Display advertising is a singular discipline, but one with a world of decisions. Where should you advertise? How do you get started? How much should you spend? While display advertising may be relatively complex and highly hands-on, the good news is that it’s affordable, scalable, and an agency like Netwave can manage it all for you. Even if you’re leaving it to the pros, it’s helpful to have a basic understanding of the different types of display ads and their use cases.

Retargeting

Whether you’re selling a product or service, most people won’t buy during their first visit to your website. They could be exploring their options (aka your competitors), or they simply might not be ready to take the leap quite yet. Even the best online conversion rates are inherently low. To stay in front of prospects after they’ve visited and left your website, we use retargeting—essentially following them around the internet.

We implement this tactic by adding a code to the back end of your website that tracks users’ device IDs and IP addresses (in line with the latest data privacy laws and opt-ins, of course). With this information, we can then serve ads for your brand on other websites where your past visitors go. Retargeting is a cornerstone of just about any and every display ad strategy.

Geofencing

While retargeting serves ads after a user visits your website, geofencing serves ads once they enter a geographic location. It’s the same technology that powers GPS apps and maps, just applied to advertising.

Think of it as an invisible boundary. For example, if we want to advertise to students on a college campus, we’ll geofence the campus and students will see ads when scrolling the internet or using apps on their phones while on campus. Once they’re off campus, they won’t receive your geofenced ads. Most people prefer to have location services turned on for convenience and the user experience (such as receiving local search results automatically), making geofencing an effective means of advertising to the masses in a selected area.

Contextual Targeting

If you know even a little bit about search engine optimization (SEO), you understand that it revolves around being as visible as possible in searches for certain keywords. You might also be aware of the option to bid on keywords and show up at the top of search results, called pay-per-click (PPC) advertising. Contextual targeting has hints of each of these tactics but in a more visually appealing way. In contextual targeting, we serve ads on websites, blogs and articles where specified keywords appear, so you get a nicely designed ad rather than just the words you see in a search result or PPC ad. If we’re marketing a luxury oceanfront community in New Jersey, we can serve ads on sites that have keywords like “New Jersey real estate,” “Jersey Shore homes,” and so on. There’s another wrinkle we can add that we’ll get to in a minute.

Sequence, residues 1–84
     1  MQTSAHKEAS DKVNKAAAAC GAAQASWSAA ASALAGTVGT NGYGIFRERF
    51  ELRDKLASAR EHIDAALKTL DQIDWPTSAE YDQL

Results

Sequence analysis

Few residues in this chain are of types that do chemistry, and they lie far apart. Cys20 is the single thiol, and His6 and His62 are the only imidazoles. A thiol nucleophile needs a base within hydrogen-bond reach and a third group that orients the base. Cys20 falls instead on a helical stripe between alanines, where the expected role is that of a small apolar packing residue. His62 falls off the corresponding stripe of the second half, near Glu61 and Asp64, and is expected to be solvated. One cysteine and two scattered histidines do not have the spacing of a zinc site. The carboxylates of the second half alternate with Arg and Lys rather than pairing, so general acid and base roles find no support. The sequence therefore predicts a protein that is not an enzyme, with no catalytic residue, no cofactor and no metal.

Publisher Advertising

Oftentimes and especially in business-to-business (B2B), clients like to advertise in printed trade publications. These are magazines that you know your audience is receiving and reading to stay on top of the latest industry news and trends. However, print ads can be a huge pain point because they’re costly and immeasurable. Online publisher advertising is a great way to secure more dynamic ads in the same publications that you currently advertise within print, and possibly discover new opportunities on popular websites that might not print. If we’re confident that we know which sites your audience is visiting for information, publisher advertising is one of the easier display ad strategies to implement.

Audience Data Targeting

Remember contextual targeting, where we mentioned we can take it a step further but left you hanging as to how? The answer is audience data targeting. Aside from serving ads based on a user’s actions, we can also serve ads based on their attributes. Audience data targeting options include age, location, job title, interests and other selections that help us get to your exact ideal audience. Going back to the contextual targeting example of advertising on sites that have the keyword, “New Jersey real estate,” we can layer audience data targeting to narrow it down to people over age 55, working in NYC, making $115k or more per year, who land on a site that has the keyword, “New Jersey real estate.”

Can’t Choose One? That’s the Point!

These are just a few of the possibilities with display advertising, and rarely do we recommend a strategy with just one tactic. The best display advertising strategies put the pieces together in a thoughtful way, with eye-catching design and impactful messaging. And remember, display advertising is still just one piece of your overall advertising strategy. See how we can help with it all.